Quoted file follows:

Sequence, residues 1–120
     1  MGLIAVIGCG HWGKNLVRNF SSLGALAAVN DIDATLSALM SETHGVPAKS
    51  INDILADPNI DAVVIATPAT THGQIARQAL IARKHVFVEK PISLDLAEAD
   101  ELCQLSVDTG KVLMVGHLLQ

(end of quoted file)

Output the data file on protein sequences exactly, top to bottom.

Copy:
Sequence, residues 1–120
     1  MGLIAVIGCG HWGKNLVRNF SSLGALAAVN DIDATLSALM SETHGVPAKS
    51  INDILADPNI DAVVIATPAT THGQIARQAL IARKHVFVEK PISLDLAEAD
   101  ELCQLSVDTG KVLMVGHLLQ